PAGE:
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Monroeville man gets up to 2 years in prison in motorcyclist's death

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The Allegheny County Sheriff’s Office charged Fremont Mathias Jr., 33, of Monroeville with three counts of contraband possession.

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Thursday, June 5, 2014, 3:24 p.m.
 

Fremont Mathias Jr. had several opportunities to do the right thing after fatally striking a motorcyclist with his Ford F-150 pickup truck, an Allegheny County prosecutor told a judge on Thursday.

Mathias, 33, of Monroeville could have gotten out of the truck and called 911. He could have told a passer-by the truth about what happened, and he could have taken responsibility when police knocked on his door to question him about the death of Lawrence Matvey, 69, on Hochberg Road in Monroe­ville on June 30.

Instead, Assistant District Attorney Chelsea Pratt said, Mathias did not call 911, told the passer-by that he was out walking his dog when the accident occurred and, when he got home, asked his mom to take the rap.

Ultimately, his wife called police to tell them that she was behind the wheel. Mathias' license had been suspended four months earlier.

“He didn't accept responsibility that day, and it wasn't just one irresponsible action,” Pratt said. “It was one after another after another.”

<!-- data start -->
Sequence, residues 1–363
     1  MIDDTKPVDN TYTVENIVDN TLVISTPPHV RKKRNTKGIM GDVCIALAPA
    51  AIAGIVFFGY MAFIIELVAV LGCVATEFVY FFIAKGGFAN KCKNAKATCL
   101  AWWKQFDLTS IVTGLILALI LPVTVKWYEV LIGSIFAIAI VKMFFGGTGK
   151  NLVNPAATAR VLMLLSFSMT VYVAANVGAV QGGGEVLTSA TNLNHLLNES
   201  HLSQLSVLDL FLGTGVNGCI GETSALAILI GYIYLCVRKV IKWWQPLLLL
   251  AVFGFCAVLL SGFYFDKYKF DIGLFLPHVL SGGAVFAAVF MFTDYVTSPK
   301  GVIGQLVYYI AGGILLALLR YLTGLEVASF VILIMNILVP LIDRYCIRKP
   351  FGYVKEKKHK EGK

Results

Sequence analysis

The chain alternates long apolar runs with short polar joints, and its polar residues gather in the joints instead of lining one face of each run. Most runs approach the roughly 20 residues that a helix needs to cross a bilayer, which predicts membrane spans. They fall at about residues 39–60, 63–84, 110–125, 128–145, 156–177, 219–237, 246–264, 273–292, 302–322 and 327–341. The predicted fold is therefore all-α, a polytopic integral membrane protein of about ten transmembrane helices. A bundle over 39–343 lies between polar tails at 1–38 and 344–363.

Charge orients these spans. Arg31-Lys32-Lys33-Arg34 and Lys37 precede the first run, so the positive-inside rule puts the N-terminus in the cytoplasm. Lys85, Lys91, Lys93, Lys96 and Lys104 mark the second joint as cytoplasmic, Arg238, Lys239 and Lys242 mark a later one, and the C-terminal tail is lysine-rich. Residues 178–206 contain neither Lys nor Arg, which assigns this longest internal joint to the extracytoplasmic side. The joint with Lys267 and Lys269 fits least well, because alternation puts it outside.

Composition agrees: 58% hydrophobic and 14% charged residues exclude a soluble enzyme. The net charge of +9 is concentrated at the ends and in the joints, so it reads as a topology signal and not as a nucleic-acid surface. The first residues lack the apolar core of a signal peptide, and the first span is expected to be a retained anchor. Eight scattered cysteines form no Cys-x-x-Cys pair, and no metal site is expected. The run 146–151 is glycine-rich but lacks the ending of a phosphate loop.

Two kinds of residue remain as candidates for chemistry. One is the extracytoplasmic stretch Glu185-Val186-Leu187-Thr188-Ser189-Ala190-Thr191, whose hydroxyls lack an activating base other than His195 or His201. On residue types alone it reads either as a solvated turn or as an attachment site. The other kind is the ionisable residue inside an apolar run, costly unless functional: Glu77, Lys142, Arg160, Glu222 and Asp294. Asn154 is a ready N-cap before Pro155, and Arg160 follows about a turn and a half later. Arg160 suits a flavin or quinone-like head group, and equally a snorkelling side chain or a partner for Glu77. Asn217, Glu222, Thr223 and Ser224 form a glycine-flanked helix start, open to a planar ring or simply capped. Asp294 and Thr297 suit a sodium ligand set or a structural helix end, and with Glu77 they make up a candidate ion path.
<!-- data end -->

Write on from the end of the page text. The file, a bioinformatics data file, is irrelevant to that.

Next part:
Common Pleas Judge Philip A. Ignelzi sentenced Mathias, who pleaded guilty to homicide by vehicle in March, to one to two years in prison and ordered him to pay $3,750 in fines.

“First and foremost, I want to apologize to the Matvey family for their loss,” Mathias told the court. “I know I'm guilty. I'm fully prepared and fully accepting that whatever punishment you give me is going to be fair.”

Several members of Matvey's family, including his brother Richard and son Michael, appeared in court. In a letter to the judge, the family expressed grief.

“Larry was killed so close to home that we are reminded of our loss every day. He died for no apparent reason and no fault of his own.”

Mathias' mother told the court that her grandsons need their father.

“That split-second of unintentional misjudgment also took my son away from his family and friends. Yes, he is alive in a physical sense, but the horror of that day has taken away his soul,” she said.

A letter from Mathias' mother-in-law, read aloud by another family member, attempted to deflect some of the blame.

“Motorcycles are dangerous vehicles, offering practically no protection in the event of a collision. At least some of the culpability should be taken up on the person who chose to drive a vehicle that can withstand absolutely no impact from a collision,” she wrote.

After sentencing Mathias, Ignelzi sentenced his wife, Heather Mathias, 32, to one year of probation for pleading guilty to hindering her husband's apprehension.

 

 

 
 


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